Vagal Nerve Stimulation – Placebo or Alternative Cure for Depression?

Depression knows no barriers. It can strike anyone, anywhere and anytime. While the standard treatment for depression is medications, including depressants, selective serotonin reuptake inhibitors (SSRIs) and serotonin-norepinephrine reuptake inhibitors (SNRIs), as well as therapies, such as cognitive behavioral therapy (CBT), talk therapy and group therapy, sometimes, a patient doesn’t respond to the treatment.

Under severe mental strain, the depressed individual then takes recourse to electroconvulsive therapy (ECT) where electric signals are sent through the brain. These help to sort out chemical imbalances that caused the mental health condition. But under extreme circumstances, even ECT provides no relief or only temporary respite and may result in a relapse. Vagal nerve stimulation (VNS) therapy, primarily used in controlling epileptic seizures, is fast proving to be a sought-after treatment for those who do not respond to the traditional mechanisms.

Understanding VNS therapy

The premise of VNS is simple. It works on the vagus nerve, which is the longest cranial nerve in the human body passing from the neck to the thorax and the abdomen. This nerve plays a crucial role in monitoring key functions in the human body. In case there are variations such as increased breathing, the vagus nerve relays messages to the brain regarding how to respond. During VNS therapy, the care giver inserts a small gadget similar to a pacemaker below the neck which activates the nerve.

Skepticism regarding the benefits of the therapy has remained among the medical fraternity, though its function as a placebo has been disapproved by psychiatrist Prof. Hamish McAllister-Williams from Newcastle University. Though he admits that not much is known about its efficacy in cases of severe depression that remain unresponsive to traditional treatments, he is sure that the impact of VNS is not akin to a placebo. Placebo is immediately activated and ends quickly, whereas VNS takes six months before its impact can be felt.

In a 2013 study on depressed patients who were resistant to treatment, it was observed that those who were provided adjunct VNS along with routine treatment for depression, the response rates were higher than when one only depended on treatment as usual (TAU). Another study by psychiatrist Scott Aaronson also revealed that VNS when used with TAU had better long-term outcomes than in case of only TAU.

Commenting on the study outcome, Aaronson said, “The tolerability of the device is terrific. The main side effect is hoarseness because the recurrent laryngeal nerve [that supplies the voice box] comes off the vagus nerve.” He suggested that the side effects could be controlled by temporarily turning off the device by holding a magnet over it.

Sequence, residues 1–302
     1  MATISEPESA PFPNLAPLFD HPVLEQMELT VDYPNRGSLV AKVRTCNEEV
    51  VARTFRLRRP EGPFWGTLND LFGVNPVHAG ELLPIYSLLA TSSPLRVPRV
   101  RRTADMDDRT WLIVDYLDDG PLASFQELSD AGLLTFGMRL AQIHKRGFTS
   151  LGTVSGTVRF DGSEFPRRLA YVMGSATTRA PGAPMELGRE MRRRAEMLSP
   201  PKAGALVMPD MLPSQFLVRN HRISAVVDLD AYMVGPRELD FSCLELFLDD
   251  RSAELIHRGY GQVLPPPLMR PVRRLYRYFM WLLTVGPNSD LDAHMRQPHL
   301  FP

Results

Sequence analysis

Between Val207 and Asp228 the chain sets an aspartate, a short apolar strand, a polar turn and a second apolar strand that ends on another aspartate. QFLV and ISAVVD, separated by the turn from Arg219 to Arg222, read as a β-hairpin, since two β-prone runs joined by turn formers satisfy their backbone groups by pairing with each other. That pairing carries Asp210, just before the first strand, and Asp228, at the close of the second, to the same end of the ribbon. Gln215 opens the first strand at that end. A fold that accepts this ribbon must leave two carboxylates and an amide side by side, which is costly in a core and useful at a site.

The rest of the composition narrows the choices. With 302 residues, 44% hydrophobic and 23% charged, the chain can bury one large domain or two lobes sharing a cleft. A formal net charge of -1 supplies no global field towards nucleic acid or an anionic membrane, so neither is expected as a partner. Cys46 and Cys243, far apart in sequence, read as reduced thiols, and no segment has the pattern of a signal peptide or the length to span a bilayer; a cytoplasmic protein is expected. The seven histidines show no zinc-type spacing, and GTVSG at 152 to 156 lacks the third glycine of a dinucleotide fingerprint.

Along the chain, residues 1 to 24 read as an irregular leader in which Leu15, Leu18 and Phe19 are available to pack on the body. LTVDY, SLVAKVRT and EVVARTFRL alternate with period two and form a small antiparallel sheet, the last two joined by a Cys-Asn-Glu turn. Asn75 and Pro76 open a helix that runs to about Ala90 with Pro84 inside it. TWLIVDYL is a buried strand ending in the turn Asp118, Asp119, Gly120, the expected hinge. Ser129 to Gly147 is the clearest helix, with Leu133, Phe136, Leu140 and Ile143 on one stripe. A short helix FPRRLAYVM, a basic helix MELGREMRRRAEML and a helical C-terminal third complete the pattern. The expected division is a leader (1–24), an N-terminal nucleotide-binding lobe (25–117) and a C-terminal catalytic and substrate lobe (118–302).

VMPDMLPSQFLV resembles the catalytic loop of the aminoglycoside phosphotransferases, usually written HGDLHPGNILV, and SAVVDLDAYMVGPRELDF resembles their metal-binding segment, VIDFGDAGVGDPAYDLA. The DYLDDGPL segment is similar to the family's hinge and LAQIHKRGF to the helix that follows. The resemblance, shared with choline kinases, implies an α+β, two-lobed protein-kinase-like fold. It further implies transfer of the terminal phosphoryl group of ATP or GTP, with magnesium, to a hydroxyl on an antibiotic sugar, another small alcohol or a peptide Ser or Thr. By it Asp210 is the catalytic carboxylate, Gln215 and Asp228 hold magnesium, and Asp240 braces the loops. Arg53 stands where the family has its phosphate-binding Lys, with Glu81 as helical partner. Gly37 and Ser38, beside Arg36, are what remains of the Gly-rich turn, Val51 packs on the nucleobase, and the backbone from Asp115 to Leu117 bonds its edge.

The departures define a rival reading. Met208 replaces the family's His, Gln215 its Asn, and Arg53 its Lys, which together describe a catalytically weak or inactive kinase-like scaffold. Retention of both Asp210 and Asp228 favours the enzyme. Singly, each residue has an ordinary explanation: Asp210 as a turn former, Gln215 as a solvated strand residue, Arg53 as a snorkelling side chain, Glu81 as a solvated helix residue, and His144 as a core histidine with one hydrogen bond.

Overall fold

Apart from hoarseness in the voice, the therapy also causes frequent coughs, breathing difficulties and changes in heart rhythm. It may also result in one’s depression or mania getting aggravated. Therefore, it is necessary to exercise caution before recommending bioelectric therapies for depression.

Alternative treatments for depression

There are many novel therapies for combatting depression. Their use with standard treatments is extremely effective for keeping the condition under check. Three such therapies that engage one’s thoughts constructively while keeping negative thoughts at bay are as below:

  • Art therapy: One can engage in creative arts even without having a prior experience in dance or drama. These activities open the body and mind to a different experience and help one connect to him/her self. They help release all negativity and boost confidence thereby reducing symptoms of persistent sadness and low mood, characteristics of depression.
  • Mindfulness therapy: Both mindfulness-based stress reduction (MBSR) and mindfulness-based cognitive therapy (MBCT) promote emotional well-being and awaken positivity. Such therapies focus on being in the present without worrying about the past or future. They encourage a person to get attuned to one’s senses and gain better understanding and control of their thoughts and behaviors.
  • Eco therapy: As the name implies, eco therapy helps one connect with nature. Whether it is through walks in the nature or horticulture, it relies on the potential of the nature to heal, soothe and calm.

Do not let depression mar your life

The World Health organization (WHO) reports that  is the number one cause of disability worldwide affecting more women than men. However, with proper medication and treatment, one can lead a quality life. It is important to seek advice from a certified mental health practitioner who can diagnose the condition in time and suggest appropriate treatment.